What Circles Can Teach Us About Elegantly Navigating the Posthumous Release (Or, Skills We Wish We Didn’t Need)
The recent release of Mac Miller’s album Circles meant a lot of things to a lot of people: a bittersweet farewell from an icon, a poetic sense of closure in his discography, and, on the most basic level, who doesn’t welcome new music from a long-beloved artist? On a less personal level, it also carries staggering significance in the broader context of the music industry: it’s evidence that the posthumous release, a delicate operation, with which the industry has a notoriously tumultuous track record, can be executed with grace.
Even musicians of the most iconic stature are not immune to the posthumous flop. The long list includes albums by Michael Jackson (some of the work released after his death sounded so different that his family disputed that it was even his voice), The Doors (their hearts were in the right place), and Biggie Smalls (The King & I, obviously not Life After Death, which is bop marathon). In fact, music released after the death of the artist is often has such a polarizing effect on their legacy that, when Amy Winehouse died, the CEO of her label opted to destroy her unfinished material rather than allow it to be released.
Of course, not all posthumous released are flops. But even the successful ones can distort the intentions of the artist. After Tupac Shakur died at the height of his career, The Don Killuminati: The 7 Day Theory was released within two months to overwhelming critical and commercial success. However, in order to capitalize on Tupac’s death and level of fame, the plan for the release was revised rather severely- the release date was moved up by four months and expanded to become commercial, rather than the previously planned underground release. Consequently, the artwork (which originally included Biggie as a pig and Sean Combs as a ballerina) had to be censored to conform to mass-market standards. So while the album excelled by most conventional standards, it’s difficult to know whether it is an honest reflection of the artist.
Recently, preserving the artist’s memory seems to be trending towards the foreground, but still struggles to dislodge profit, historically at the apex of the release hierarchy. When rapper Lil Peep died tragically young, Columbia Records took it upon themselves to complete and release Come Over When You’re Sober, Pt. 2, the album he’d left behind. Columbia’s process made it clear that they recognized the gravity of the responsibility- corresponding with his family and associates, employing highly reputable musicians, hosting an elegant listening session, which featured a speech from Peep’s mother in which she commended the efforts of the label- but this recognition didn’t translate into the commercial release of the album, which featured two controversial bonus songs that had been conspicuously absent from the listening session. Many felt these songs, one of which included a feature by the controversial artist XXXTENTACION, were a clear dismissal of Lil Peep’s memory (he was notoriously selective about who he worked with), in favor of maximizing profits.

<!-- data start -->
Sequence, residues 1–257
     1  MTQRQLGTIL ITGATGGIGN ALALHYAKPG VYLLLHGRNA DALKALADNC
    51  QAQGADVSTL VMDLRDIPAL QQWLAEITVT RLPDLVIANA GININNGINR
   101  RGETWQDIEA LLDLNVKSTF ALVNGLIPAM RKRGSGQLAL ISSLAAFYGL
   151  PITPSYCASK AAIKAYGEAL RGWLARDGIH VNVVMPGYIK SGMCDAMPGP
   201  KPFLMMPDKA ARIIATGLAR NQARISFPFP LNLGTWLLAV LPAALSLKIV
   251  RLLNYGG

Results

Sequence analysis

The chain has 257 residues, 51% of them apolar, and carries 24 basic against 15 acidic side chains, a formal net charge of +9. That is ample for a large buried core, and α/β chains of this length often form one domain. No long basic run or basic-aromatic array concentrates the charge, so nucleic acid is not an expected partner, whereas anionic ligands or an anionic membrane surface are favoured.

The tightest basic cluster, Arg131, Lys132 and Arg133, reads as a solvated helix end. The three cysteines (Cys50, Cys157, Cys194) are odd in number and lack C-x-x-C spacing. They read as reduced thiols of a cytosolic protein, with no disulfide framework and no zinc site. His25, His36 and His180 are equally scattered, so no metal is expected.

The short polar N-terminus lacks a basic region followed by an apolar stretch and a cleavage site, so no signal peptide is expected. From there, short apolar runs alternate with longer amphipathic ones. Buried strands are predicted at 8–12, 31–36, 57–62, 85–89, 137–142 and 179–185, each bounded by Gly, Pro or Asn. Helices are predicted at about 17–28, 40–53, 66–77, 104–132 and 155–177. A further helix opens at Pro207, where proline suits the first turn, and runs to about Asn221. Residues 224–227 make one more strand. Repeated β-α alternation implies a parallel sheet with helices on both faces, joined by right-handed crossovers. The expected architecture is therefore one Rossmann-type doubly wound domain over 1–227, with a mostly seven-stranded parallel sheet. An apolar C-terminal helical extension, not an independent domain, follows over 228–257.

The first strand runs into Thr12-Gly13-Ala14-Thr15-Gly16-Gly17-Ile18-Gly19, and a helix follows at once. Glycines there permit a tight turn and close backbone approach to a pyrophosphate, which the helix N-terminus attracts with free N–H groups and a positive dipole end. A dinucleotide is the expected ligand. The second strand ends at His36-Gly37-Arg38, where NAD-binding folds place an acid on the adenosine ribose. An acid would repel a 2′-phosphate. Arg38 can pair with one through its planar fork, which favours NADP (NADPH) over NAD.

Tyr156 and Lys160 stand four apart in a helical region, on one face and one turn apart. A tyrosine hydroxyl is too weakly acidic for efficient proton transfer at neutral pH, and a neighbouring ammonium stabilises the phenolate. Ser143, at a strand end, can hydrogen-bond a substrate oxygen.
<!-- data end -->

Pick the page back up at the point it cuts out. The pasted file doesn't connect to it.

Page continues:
Mac Miller’s Circles presented a similar situation to Come Over When You’re Sober Pt. 2: both were sequels of a sort- albums that expanded upon or responded to preceding work- and both albums were largely finished before the artist passed. But the Circles release, thus far remarkably absent of controversy, suggests that the industry is beginning to learn from its mistakes. From arrangement and production, to release, to merch sales, actions taken at every step of the process indicate that the memory and the legacy of Mac Miller were at the foremost position.
The completion of the album was highly centralized, conducted in large part by Jon Brion, who has a history of working closely with Miller. The release was understated, with family at the helm of promotion, hinting at the album of Miller’s Instagram. The profits from merchandise sales were donated to The Mac Miller Fund, a philanthropic decision that echoes the 2019 release of Avicii’s posthumous album, Tim. Despite its subdued promotion, the album has been met with enormous commercial success, with seven songs in the Spotify Top 20 songs the weekend of its release, as well as overwhelming positive critical reception. With any luck, the success of Circles will serve as a guiding light for the music industry, a lesson that creating a resonant album, and staying true to an artist’s legacy, are not mutually exclusive.